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What is Osteoporosis
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The silent epidemic

The word osteoporosis literally means "porous bones", that is bones filled with tiny pores, or holes. Your bones change constantly – being broken down and rebuilt as you go about your everyday life. In fact, your bone cells are so active that your entire skeleton is replaced approximately every 10 to 12 years.

However, problems arise when the rate of renewal does not keep up with the rate of breakdown, the result being bone loss. When this continues over a period of years, osteoporosis occurs.

Osteoporosis is a preventable illness affecting many more women than men. 1 in 3 women over the age of 50 in the UK and 1 in 9 men are sufferers. Osteoporosis is not just a matter of brittle bones: it can kill – in fact it kills more women than ovarian, cervical and uterine cancers combined. Up to 20 per cent of women who suffer hip fractures die within six months of sustaining the fracture.

Your skeleton is constantly fighting against gravity, and it is that fight that helps to maintain bone density. You need to load the skeleton and put it under stress in order for it to respond; it works a little like supply and demand.

Any exercise that is performed against the force of gravity is termed weight-bearing. This can include walking, dancing, jogging, stair climbing, low impact aerobics, tennis, squash, badminton, skipping and bouncing.

Weight bearing exercise is good for bone density because it forces your bones to lift your weight and fight against gravity.

The food that you eat has a significant effect on your bones because the body uses the nutrients from your diet to rebuild and renew them. Certain foods are beneficial for your bones whilst others are not, and it is very important to know which is which – there's much, much more to it than just drinking milk.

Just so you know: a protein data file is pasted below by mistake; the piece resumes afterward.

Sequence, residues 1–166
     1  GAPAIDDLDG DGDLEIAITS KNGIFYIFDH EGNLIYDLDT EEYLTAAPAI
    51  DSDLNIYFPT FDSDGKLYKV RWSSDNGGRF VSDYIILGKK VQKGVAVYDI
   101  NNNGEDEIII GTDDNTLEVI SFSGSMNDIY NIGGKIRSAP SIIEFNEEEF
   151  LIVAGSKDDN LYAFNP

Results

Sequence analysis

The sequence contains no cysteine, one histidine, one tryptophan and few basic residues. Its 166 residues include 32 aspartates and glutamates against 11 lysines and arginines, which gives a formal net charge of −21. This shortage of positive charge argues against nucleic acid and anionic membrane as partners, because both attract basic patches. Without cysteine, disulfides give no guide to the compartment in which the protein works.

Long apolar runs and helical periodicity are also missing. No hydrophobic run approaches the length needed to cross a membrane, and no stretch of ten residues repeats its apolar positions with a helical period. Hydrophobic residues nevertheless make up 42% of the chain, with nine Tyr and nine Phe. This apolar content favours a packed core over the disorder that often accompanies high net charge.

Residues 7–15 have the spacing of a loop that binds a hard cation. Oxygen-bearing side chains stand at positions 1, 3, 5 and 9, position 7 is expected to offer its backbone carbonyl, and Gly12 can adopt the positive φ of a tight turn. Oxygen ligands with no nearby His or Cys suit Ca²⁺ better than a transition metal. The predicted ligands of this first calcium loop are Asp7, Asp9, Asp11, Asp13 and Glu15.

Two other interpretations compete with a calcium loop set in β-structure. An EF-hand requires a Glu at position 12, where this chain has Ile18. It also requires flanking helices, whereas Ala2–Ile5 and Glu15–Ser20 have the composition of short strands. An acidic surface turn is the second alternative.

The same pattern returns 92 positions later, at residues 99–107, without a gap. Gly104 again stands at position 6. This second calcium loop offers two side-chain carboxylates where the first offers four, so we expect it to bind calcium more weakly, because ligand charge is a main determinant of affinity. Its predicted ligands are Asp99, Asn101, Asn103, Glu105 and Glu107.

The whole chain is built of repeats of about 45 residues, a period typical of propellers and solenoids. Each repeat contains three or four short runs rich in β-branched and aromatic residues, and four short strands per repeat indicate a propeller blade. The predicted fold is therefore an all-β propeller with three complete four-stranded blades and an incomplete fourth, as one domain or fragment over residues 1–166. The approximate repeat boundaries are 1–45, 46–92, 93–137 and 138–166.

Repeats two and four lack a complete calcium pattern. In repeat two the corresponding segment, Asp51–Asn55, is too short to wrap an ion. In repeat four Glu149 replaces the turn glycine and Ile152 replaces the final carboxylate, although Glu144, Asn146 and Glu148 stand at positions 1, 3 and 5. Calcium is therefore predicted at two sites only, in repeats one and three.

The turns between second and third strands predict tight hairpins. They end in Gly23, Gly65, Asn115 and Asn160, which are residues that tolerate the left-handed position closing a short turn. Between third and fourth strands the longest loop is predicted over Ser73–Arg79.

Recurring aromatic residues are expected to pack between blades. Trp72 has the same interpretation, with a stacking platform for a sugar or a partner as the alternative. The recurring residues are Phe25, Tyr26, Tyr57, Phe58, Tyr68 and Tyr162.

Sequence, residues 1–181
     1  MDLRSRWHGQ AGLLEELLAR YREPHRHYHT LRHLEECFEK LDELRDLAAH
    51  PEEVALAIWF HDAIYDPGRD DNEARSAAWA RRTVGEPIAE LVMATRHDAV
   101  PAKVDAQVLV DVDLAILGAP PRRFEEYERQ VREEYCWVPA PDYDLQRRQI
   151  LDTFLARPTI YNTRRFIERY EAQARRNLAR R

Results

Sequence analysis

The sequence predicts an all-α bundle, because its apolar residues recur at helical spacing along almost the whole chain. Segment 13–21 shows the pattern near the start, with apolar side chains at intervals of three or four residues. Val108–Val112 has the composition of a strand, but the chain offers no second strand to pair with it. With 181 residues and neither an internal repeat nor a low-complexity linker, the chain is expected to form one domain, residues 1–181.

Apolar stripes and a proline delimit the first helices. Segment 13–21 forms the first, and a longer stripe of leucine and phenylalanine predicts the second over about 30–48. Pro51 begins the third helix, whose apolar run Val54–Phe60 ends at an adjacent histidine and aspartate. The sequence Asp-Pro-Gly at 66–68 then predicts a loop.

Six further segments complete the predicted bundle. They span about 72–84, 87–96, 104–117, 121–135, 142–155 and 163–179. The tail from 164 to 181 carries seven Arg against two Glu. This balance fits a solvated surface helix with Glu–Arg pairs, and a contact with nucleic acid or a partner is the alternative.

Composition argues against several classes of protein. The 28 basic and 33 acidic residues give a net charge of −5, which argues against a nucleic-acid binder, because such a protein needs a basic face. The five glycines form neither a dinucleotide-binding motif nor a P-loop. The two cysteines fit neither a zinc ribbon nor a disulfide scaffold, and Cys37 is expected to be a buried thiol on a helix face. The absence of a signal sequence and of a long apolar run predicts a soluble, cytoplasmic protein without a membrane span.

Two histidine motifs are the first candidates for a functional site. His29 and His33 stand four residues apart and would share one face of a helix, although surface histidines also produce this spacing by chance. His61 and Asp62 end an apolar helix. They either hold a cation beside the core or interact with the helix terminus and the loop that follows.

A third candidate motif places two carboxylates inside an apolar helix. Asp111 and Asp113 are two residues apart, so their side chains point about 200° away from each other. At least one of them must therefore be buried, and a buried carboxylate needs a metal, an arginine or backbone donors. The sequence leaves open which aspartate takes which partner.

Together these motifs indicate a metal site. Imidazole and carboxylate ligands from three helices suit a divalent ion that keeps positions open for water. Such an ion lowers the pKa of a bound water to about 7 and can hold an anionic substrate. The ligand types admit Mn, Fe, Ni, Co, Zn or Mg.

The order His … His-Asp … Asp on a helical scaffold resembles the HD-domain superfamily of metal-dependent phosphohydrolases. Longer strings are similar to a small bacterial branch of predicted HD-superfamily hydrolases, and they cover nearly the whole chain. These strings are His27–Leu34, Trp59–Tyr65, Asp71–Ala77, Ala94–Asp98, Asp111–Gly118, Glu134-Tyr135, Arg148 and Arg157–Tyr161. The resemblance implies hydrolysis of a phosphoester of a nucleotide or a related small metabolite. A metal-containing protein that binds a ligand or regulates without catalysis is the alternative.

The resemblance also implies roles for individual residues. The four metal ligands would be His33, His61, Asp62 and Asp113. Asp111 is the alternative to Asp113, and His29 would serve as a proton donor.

All the different aspects of nutritional advice can become quite confusing, and putting them into practice is a challenge. In this chapter there are guidelines on how to plan bone-restoring meals, and also how to prepare them, using some inspiring osteoporosis-busting recipes.

If you are used to a diet consisting largely of highly processed convenience foods, you may well find some of the suggestions here strange at first, but within a few days you will discover just how delicious a wide variety of home cooked food can really be. You should start feeling healthier and more energised, and within a month or so you will wonder how you ever managed to function on a diet consisting of large amounts of animal protein and refined carbohydrates. Looking after your bones does not have to be all mung beans and broccoli – so read on to find out more.

Marilyn Glenville is the author of a valuable new book aimed at reducing Osteoporosis through proper diet. "Osteoporosis - The Silent Epidemic", published by Kyle Cathie is a valuable addition to any home library.

Marilyn Glenville gives us many delicious recipes and sensible suggestions for safe exercise and dietary supplements to aid bone formation. Her book is packed with a wealth of information from bone structure, to which tests to ask for to diagnose Osteoporosis and what drug treatments are available with all the possible draw backs. 


By Marilyn Glenville PhD
All rights reserved. Any reproducing of this article must have the author name and all the links intact.


Biography: Dr Marilyn Glenville is the UK's leading nutritional therapist specialising in womens' health. She is the author of the international best-seller, New Natural Alternatives to HRT, a fellow of the Royal Society of Medicine and a member of the nutrition Society.

For over 25 years Dr Glenville has studied and practiced nutrition, both in the UK and in the US. She has had several papers published in scientific journals, frequently advises health professionals and often lectures at academic conferences held at the Medical Society, The Royal College of Physicians and The Royal College of Surgeons.

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